Unfortunately, the big cider producers in the area, Thuralla and Moehl, produce only cider for the mass market. Therefore, cider can not be the only reason for a trip to Cider India. My father still makes his own cider, but you have to like vinegar to really enjoy it. It's strong stuff, though.

Tuesday, November 23, 2004

Cider India Ribbon

This is a follow up of The Chopstick Challenge.
At least the linoleum print did work on the waitor's "ninja" ribbon.
ribbon Picture by Phon

The Chopstick Challenge

This is a follow up of Cider Creme For The Masses and Cider India - on Carla's request.
Of course, a theme like "East of Cider India" asks for chopsticks and chopsticks have prints. The challenge was to get the theme printed on the chopstick which turned out to be more difficult than we'd expected.

The first approach, which I'd brought in, was a linoleum print. Luckily, it had been turned down by Carla's father who's an acclaimed sculptor. In hindsight, I have to admit, he was right. It would not have worked.

Carla then contacted Speckert+Klein to order a stamp and stamp colour, which had to be non-toxic and oil and water resistant (one has to eat with it, though). They found egg colour, which fulfilled all our requirements and is normally used to stamp the date onto eggs.

Carla did work for the Swiss Post for some years, and therefore, is kind of an expert in how to stamp properly. But she failed with the first set of chopstick (more than 100) which she had bought at IKEA. The colour run into the wood. It was a blur not a stamp.

In the afternoon one day prior to the event, she finally found varnished chopsticks which were stampable at Cash+Carry.

chopstick Picture by Phon

Cider India

This is a follow up of Cider Creme For The Masses.
We have chosen the theme "East of Cider India" for the dinner a fortnight ago, because the east of Thurgau is called Cider India (Mostindien) due the many apple trees in that area. For a lot of Swiss, Switzerland ends about 10 km west of Thurgau. They seem to have a mental border and don't realise that there is some more (a least a lovely area - the people have quite traditional views and values). Hence, a bit cheek in tongue was involved in the selection of the theme.

A local cider producer even advertises with an Indian who speaks the local vernacular:

Cider Indian

Monday, November 22, 2004

Mass Cooking

This is a follow up of Cider Creme For The Masses.
Tina was again involved in a mass cooking. Last weekend, she produced 80 liters of pumpkin soup concentrate. Which was the basis for 150 liters of pumpkin soup to be sold at a fair in Diessenhofen (Swiss don't use pumpkins just for decoration as ms.mac does suppose).

Talking about fairs: Sirpa, also involved in the East of Cider India cooking, will be working at Uschter-Märt on November, 25 & 26. Pay her a visit at the Ox stand.

Sunday, November 21, 2004

Cider Creme - For The Masses

This is a follow up of Cider Creme - Basics & Reframed.
On May Day, Carla, Schwafli, Chilli & I cooked for a wedding dinner. It was hard work, but every thing went quite well. We only messed up the Cider Creme. I mean, we failed completely - not just admirably. The bloody creme burnt on its way from the stove to the sieve. As I warned in the basics blog, this is the tricky part in preparing this delicious dish.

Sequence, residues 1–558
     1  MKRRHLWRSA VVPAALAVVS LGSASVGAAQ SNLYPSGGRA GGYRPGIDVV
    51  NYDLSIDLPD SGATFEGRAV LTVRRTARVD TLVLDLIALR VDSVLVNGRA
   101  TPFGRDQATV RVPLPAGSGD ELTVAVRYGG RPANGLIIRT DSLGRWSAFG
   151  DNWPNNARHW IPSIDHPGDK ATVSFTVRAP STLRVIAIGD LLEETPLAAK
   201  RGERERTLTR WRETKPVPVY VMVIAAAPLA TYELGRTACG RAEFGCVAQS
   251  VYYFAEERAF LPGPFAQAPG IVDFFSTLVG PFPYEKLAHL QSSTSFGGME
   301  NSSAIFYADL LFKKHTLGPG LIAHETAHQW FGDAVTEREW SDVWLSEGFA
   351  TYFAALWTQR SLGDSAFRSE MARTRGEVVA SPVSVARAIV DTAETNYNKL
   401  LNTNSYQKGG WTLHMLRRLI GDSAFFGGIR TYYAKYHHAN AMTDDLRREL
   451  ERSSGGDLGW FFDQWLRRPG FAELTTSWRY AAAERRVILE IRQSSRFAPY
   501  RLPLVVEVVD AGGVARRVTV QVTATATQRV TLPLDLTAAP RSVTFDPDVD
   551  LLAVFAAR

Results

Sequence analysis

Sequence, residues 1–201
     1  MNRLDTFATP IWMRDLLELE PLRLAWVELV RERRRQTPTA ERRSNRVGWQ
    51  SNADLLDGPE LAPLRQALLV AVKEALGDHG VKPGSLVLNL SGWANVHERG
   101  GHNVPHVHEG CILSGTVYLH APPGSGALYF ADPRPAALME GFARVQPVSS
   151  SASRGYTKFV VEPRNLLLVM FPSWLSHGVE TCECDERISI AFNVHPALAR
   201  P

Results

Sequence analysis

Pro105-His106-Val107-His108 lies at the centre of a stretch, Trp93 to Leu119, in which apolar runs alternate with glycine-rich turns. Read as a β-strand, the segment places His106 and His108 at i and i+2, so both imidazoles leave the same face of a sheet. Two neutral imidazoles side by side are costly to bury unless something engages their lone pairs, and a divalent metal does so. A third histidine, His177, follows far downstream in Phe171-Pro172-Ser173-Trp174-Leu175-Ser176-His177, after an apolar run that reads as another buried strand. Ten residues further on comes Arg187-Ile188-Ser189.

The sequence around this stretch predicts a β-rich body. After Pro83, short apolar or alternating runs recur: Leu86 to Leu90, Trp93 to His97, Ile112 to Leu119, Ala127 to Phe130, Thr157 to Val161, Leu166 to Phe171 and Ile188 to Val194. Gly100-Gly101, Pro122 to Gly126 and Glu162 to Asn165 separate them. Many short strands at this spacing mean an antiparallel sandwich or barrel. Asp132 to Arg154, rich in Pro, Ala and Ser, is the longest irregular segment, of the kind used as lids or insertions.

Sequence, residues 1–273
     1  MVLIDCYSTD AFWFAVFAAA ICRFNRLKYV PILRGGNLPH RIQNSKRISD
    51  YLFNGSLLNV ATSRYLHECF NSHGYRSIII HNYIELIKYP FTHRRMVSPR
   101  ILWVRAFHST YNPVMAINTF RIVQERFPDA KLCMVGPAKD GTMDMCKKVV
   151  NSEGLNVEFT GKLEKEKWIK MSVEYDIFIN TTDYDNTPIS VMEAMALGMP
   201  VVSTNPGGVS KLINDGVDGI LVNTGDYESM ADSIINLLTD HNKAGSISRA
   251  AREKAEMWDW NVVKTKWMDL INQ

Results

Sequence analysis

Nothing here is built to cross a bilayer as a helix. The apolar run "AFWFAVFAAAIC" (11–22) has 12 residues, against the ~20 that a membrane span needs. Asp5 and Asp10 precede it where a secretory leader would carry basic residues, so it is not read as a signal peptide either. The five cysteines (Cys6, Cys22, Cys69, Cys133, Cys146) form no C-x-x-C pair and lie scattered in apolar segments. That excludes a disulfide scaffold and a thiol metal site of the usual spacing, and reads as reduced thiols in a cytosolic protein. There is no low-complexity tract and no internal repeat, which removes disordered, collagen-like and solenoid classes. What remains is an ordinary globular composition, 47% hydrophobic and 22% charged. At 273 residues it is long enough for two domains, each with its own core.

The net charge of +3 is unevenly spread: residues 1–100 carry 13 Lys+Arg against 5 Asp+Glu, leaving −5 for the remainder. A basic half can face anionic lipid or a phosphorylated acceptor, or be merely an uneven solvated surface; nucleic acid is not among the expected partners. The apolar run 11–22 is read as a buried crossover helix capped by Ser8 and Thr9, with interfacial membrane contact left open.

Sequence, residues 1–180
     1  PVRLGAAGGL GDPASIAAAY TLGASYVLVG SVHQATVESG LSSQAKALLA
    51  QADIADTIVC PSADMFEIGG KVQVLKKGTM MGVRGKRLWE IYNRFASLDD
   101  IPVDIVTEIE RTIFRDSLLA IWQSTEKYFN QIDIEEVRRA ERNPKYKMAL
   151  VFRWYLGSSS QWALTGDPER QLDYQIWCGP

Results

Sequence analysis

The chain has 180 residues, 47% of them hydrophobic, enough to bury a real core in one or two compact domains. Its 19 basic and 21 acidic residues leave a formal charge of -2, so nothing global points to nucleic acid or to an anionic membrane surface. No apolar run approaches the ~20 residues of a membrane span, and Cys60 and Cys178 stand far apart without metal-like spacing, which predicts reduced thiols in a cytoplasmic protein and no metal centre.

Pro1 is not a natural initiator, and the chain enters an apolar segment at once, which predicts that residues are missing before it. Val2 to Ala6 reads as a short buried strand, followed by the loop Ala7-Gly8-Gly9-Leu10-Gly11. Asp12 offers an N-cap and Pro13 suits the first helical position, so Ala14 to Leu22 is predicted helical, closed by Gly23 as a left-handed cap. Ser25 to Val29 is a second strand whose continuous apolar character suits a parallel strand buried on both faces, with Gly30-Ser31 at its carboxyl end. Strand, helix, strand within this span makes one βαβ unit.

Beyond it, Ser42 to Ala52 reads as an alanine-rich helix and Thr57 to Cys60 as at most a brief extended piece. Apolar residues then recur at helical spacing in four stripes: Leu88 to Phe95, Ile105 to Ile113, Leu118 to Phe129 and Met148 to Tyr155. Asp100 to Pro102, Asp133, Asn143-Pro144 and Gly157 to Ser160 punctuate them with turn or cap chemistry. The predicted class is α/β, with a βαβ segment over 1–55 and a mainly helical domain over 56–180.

A fortnight ago, Carla & I with another team, were cooking again. This time for the approx. 110 participants of a conference of the Swiss Guide & Scout Movement. We'd chosen the theme "East of Cider India" (more about this theme in another blog later on) and set Cider Creme on the menu for dessert.

Our friend Tina has warned us & we have made a bad experience ones. But success is getting onto your feet once more than you have fallen. Hence, we did it again. Just for the record, the ingredients:
  • 600 g cornflour
  • 18 litres cider
  • 60 eggs
  • 15 lemons
  • 1 litre Thurgados
  • 5 litres whipped cream.
The big difference this time was that we did the cooking in 20 portions. Topo & I were whisking for almost three hours but the approach worked perfectly. The Cider Creme was the proper completion of a great meal.

cider creme cooling Picture by Sirpa
The Cider Creme while cooling down.

Bloody Nose

Yesterday, a certain Lars, who has written a brilliant essay on Pedro Almodóvar's Hable Con Ella, got a bloody nose because he got messed up with fellow student Carla's earring while kissing her neck.

Note: It might not be obvious, why this gossip shows up in a cider creme thread. But belief me, Carla plays an essential part in it (I'm still supposing that I'm able to build up some suspense).

Cider Creme - Reframed

This is a follow up of Cider Creme - Basics and Reframing.
I have to swerve a bit to get to the reframed cider creme. Sorry, but it's really necessary:
  • 1st Swerve: Another thing I've learned from Tom is to discuss my current projects with as many different people as possible. This is an unsurpassed source for the reframing process [Sub swerve: yes, I steal -- wherever I can. I was brought up in Thurgau. Malicious gossip says that people from Thurgau walk around the house first thing in the morning to see if all stolen goods are still there].